At least in California.
Printed form leases for apartments and other residential real estate almost always have a clause that adds on a late fee for rent, often in the range of 5 to 6 percent. In California, many landlords use one of the standard lease forms provided by the California Association of Realtors (CAR). Form LR, which is often used for leases of apartments, condominiums and houses, includes just such a late fee clause.
Nevertheless, in California at least, these late fees are almost always unenforceable.
A late fee for rent is an example of what is known in the law as “liquidated damages.” These are damages for a breach of contract that are agreed to in advance by the parties in the contract itself, specifying the amount that the injured party may collect as damages if the other party breaches the contract. It has long been the law in the United States that for a liquidated damages clause to be enforceable (a) the amount of liquidated damages must approximate the actual damages likely to be incurred in the event of a breach, and (b) the amount of actual damages must be uncertain at the time the contract is made so that the liquidated damages clause will save the parties the difficulty of estimating the actual damages in advance.
The Uniform Commercial Code, which governs contracts for the sale of goods in every U.S. State, has a more modern formulation:
Damages for breach by either party may be liquidated in the agreement but only at an amount which is reasonable in the light of the anticipated or actual harm caused by the breach, the difficulties of proof of loss, and the inconvenience or nonfeasibility of otherwise obtaining an adequate remedy. A term fixing unreasonably large liquidated damages is void as a penalty. [UCC §2-718(1)]
A Late Fee for Rent is Unenforceable in California
For contracts that are not governed by the UCC, Section 1671(b) of the California Civil Code is the governing statute. It states:
[A] provision in a contract liquidating the damages for the breach of the contract is valid unless the party seeking to invalidate the provision establishes that the provision was unreasonable under the circumstances existing at the time the contract was made.
However, if the liquidated damages are sought to be recovered by a party to (1) a contract that is for retail purchase, or rental, by such party of personal property or services, primarily for the party’s personal, family, or household purposes, or (2) a lease of real property for use as a dwelling by the party or those dependent upon the party for support, then a special rule applies, which is contained in Section 1671(d) of the California Civil Code:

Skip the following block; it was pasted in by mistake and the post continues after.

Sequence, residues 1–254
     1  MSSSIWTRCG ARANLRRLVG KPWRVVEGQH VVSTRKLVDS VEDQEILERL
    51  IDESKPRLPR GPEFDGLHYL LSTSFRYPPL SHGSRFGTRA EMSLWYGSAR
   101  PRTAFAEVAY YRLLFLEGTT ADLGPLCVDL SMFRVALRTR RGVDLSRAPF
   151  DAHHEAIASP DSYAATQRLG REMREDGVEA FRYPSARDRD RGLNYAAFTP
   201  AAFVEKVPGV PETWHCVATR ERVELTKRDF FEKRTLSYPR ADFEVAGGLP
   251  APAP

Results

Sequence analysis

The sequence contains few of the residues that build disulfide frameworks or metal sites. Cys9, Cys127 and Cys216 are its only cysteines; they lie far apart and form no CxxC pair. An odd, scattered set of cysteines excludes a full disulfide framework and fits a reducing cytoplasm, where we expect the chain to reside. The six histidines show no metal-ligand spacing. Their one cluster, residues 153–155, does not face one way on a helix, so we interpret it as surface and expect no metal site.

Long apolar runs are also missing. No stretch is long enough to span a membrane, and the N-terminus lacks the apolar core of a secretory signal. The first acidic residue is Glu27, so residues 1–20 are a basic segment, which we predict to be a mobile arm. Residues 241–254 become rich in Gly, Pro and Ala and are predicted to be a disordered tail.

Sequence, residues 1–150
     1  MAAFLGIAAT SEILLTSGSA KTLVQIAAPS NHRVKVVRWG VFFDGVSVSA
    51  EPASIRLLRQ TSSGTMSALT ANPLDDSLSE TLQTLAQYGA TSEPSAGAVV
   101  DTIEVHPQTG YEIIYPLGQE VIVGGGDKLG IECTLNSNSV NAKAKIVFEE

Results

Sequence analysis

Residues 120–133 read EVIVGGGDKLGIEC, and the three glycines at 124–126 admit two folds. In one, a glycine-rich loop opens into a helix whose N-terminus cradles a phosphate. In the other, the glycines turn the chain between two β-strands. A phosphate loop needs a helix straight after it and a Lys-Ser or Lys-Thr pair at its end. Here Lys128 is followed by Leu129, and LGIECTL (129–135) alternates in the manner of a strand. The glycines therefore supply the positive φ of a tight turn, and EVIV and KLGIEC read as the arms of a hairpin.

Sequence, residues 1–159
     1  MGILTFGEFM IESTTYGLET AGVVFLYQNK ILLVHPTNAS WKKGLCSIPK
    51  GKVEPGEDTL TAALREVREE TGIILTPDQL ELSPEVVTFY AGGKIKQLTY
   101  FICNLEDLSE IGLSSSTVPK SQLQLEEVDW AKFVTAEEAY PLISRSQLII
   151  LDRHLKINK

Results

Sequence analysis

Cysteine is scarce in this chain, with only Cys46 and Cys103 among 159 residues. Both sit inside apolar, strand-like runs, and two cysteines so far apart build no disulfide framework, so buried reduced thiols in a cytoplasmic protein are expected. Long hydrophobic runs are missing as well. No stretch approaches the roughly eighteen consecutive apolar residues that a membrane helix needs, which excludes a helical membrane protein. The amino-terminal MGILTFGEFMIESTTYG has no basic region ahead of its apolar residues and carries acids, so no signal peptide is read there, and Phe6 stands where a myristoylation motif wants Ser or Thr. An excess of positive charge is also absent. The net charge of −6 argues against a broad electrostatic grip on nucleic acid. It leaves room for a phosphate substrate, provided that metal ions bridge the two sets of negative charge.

In the cases described [above], a provision in a contract liquidating damages for the breach of the contract is void except that the parties to such a contract may agree therein upon an amount which shall be presumed to be the amount of damage sustained by a breach thereof, when, from the nature of the case, it would be impracticable or extremely difficult to fix the actual damage.
So the general rule for contracts is that a liquidated damages clause is valid unless one of the parties can demonstrate it was unreasonable. But if the contract is a residential lease or a retail purchase or rental contract for goods or services, the presumption is that the liquidated damages clause is void unless the amount is presumed to be the amount of damage sustained by a breach of the contract and it would be impractical or extremely difficult to fix the actual damage.
In the case Orozco v. Casimiro [(2004) 121 Cal.App.4th Supp. 7], the Court of Appeal held that late fees under a residential lease are liquidated damages within the meaning of Section 1671(d), and declared them to be void except under extraordinary circumstances when it would be impracticable or extremely difficult to fix the actual damage. The Orozco Court quoted with approval the earlier case Hitz v. First Interstate Bank [(1995) 38 Cal.App.4th 274, 278, 44 Cal.Rptr.2d 890], which applied Section 1671(d) in the context of a bank that attempted to impose late fees on a credit card account. In Hitz, the Court emphasized that for a liquidated damages provision of a contract subject to Section 1671(d) to be enforceable, two conditions must both be satisfied: (1) it must have been impracticable or extremely difficult to fix the actual damages, and (2) the liquidated damages clause must represent the result of a reasonable endeavor by the parties to estimate a fair average compensation for any loss that may be sustained.
In virtually all cases, the late payment of rent is not a situation where it is impracticable or extremely difficult to fix the actual damages. In fact, the actual damages are very easy to fix: they are simply interest on the amount of the overdue rent for the period of time that the rent was in fact overdue. This common sense conclusion is affirmed by Civil Code §3302, which states: “The detriment caused by the breach of an obligation to pay money only, is deemed to be the amount due by the terms of the obligation, with interest thereon.”
And, by the way, the maximum rate of interest that may be charged under the California Constitution is 10% per year. Contrast this with a 5% late fee imposed for a rent payment that is 10 days late: that works out to over 180% per year!
Late fees illegally collected by a landlord should probably be treated as an additional security deposit, returnable at the end of the lease with interest. If the landlord is attempting to evict the tenant, illegally collected late fees should be allowed to be credited towards the over due rent. And of course, any demand by the landlord for a late fee charged as a percentage of the rent is unenforceable, whether made directly to the tenant or in the course of an eviction proceeding. More information on this topic can be found at the California Tenant Law website.